pea asystole peds region x sop
PEA/Asystole Peds Region X SOP
  • Start CPR and run thru the H & T checklist
  • Secure airway
  • Establish IV/IO
    • Fluid challenge 20 ml/kg
  • Epinephrine 1:10,000 0.01 mg /kg IVP/IO
    • Repeat every 3-5 minutes
    • NO Atropine in SOP for peds!!!
why no atropine in peds pea asystole or brady
Why No Atropine in Peds PEA, Asystole, or Brady?
  • Atropine will probably not help unless the patient has primary AV block and that is not likely in a young and healthy heart
  • Improving oxygenation and ventilation are the primary treatments for pediatric bradycardia
peds symptomatic brady
Peds Symptomatic Brady
  • Severe cardiorespiratory compromise
    • Poor perfusion
    • Bradycardia
    • Weak, thready, absent pulse
    • Hypotension
    • Pallor
    • Cyanosis
    • Respiratory difficulty
peds brady ems region x sop
Peds Brady EMS Region X SOP
  • Heart rate <60 & poor systemic perfusion – perform CPR
  • IV/IO access
  • Epinephrine 1:10,000 0.01 mg/kg IVP/IO
    • Repeat every 3-5 minutes
  • If persistent brady, contact Medical control for order of Atropine
    • Atropine if ordered: 0.02 mg/kg (minimum dose to give 0.1 mg) IVP/IO
    • May repeat Atropine x1
    • Max dose 1 mg
    • Consider pacing
peds shock ems region x sop
Peds Shock EMS Region X SOP
  • Hypovolemic or distributive shock
    • IV fluid challenge 20 ml/kg
  • If no response repeat 20 ml/kg up to 60 ml/kg (ie: total 3 challenges)
  • No fluid challenge for peds in cardiogenic shock
peds tachycardia
Peds Tachycardia
  • Bradydysrhythmias are more common in peds patients than tachycardias
  • Sinus Tachycardia
    • Heart rates in infants are under 220 and in children under 180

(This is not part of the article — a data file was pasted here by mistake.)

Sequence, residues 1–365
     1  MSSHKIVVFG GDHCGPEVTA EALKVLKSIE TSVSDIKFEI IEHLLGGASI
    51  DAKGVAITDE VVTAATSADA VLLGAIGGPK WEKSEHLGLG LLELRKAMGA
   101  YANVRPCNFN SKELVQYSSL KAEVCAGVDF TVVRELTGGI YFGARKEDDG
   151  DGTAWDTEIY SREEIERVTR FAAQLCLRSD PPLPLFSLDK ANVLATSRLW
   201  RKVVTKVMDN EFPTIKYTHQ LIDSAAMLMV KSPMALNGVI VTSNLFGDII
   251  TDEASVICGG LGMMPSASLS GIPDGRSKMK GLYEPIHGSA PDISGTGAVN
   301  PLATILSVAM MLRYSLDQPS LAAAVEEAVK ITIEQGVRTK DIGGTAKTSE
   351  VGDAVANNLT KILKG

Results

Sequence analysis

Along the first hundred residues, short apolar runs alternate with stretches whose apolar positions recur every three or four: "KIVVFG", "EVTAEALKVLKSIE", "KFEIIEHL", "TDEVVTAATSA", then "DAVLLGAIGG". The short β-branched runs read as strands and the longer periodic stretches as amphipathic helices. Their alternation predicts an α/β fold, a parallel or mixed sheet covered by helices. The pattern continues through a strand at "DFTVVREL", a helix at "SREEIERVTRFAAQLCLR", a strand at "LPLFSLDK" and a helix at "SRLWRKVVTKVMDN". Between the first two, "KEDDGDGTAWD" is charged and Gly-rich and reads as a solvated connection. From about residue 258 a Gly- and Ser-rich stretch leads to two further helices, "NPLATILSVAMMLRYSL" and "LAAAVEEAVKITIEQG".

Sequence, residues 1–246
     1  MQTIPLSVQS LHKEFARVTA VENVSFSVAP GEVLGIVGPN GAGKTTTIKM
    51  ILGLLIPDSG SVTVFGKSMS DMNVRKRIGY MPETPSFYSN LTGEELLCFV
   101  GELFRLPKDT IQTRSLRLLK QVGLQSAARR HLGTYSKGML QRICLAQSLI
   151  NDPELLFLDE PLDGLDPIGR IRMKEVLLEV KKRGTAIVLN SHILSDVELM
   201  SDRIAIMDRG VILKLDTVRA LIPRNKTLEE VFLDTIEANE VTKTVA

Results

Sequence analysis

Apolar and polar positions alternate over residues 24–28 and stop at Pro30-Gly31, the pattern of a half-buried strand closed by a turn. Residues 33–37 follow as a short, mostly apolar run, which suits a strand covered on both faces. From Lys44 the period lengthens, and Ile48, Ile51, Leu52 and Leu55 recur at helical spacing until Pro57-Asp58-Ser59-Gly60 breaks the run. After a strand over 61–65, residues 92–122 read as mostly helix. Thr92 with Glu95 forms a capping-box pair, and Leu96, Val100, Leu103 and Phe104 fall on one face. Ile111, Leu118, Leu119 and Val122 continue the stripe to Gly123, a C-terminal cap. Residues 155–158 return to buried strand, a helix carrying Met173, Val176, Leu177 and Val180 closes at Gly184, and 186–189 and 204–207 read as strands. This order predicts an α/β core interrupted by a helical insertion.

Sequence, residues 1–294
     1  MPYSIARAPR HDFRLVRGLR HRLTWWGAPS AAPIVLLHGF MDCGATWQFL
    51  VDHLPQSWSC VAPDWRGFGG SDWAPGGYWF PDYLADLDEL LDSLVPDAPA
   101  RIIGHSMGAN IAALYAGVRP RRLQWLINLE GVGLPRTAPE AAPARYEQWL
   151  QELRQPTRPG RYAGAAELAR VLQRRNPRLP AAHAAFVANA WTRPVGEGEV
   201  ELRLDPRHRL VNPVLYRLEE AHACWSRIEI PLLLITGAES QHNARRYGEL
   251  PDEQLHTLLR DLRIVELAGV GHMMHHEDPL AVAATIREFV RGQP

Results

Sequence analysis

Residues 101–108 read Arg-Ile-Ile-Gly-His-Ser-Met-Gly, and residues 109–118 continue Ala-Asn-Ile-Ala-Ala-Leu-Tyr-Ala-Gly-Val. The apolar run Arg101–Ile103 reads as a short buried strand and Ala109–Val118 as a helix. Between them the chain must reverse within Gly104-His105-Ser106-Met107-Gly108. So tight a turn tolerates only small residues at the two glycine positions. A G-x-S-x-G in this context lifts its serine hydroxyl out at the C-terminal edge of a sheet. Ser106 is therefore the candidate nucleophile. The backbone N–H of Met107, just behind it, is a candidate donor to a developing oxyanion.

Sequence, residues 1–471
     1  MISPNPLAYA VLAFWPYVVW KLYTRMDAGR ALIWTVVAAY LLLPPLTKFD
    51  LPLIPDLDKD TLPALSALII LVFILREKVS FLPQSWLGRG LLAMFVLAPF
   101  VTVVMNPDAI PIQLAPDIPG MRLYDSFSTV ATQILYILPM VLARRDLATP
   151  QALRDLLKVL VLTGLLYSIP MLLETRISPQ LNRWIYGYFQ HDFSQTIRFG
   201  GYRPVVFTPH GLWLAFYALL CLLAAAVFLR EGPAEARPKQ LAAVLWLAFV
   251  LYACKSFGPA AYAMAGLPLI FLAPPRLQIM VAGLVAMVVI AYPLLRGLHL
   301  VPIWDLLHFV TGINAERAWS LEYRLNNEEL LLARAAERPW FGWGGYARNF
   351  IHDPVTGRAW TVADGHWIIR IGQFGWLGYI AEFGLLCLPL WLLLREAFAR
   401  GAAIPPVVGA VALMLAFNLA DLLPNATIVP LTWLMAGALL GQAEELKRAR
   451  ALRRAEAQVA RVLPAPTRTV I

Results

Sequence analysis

• No drug therapy indicated
    • Search for possible causes
probable supraventricular tachycardia
Probable Supraventricular Tachycardia
  • Narrow complex tachycardia greater than 220 in infants and greater than 180 in a child
  • Typically due to a problem in the cardiac conduction system
  • Rapid heart rates prevent adequate ventricular filling that can lead to
  • CHF and cardiogenic shock
signs symptoms svt
Signs & Symptoms SVT
  • Irritability
  • Poor feeding
  • JVD
  • Hepatomegaly – enlarged liver
  • Hypotension
  • Children can often tolerate the rapid rate fairly well
ems treatment svt with adequate or poor perfusion
EMS Treatment SVT with Adequate OR Poor Perfusion
  • Vagal maneuvers
    • If a straw is available, have child blow thru one
  • Adenosine 0.1 mg/kg rapid IVP followed by 5 ml rapid saline flush
  • Max 1st dose is 6 mg (max at adult dose)
  • Repeat dose if needed is 0.2 mg/kg with
  • 5 ml saline flush
  • Max 2nd dose is 12 mg (adult dose)
cardioversion for no response to adenosine or for probable vt
Cardioversion for No Response to Adenosine or For Probable VT
  • Sedate with Versed 0.1 mg/kg IVP slowly over 2 minutes
  • Cardioversion at 1 j/kg
  • If no response, cardiovert at 2 j/kg
why versed
Why Versed?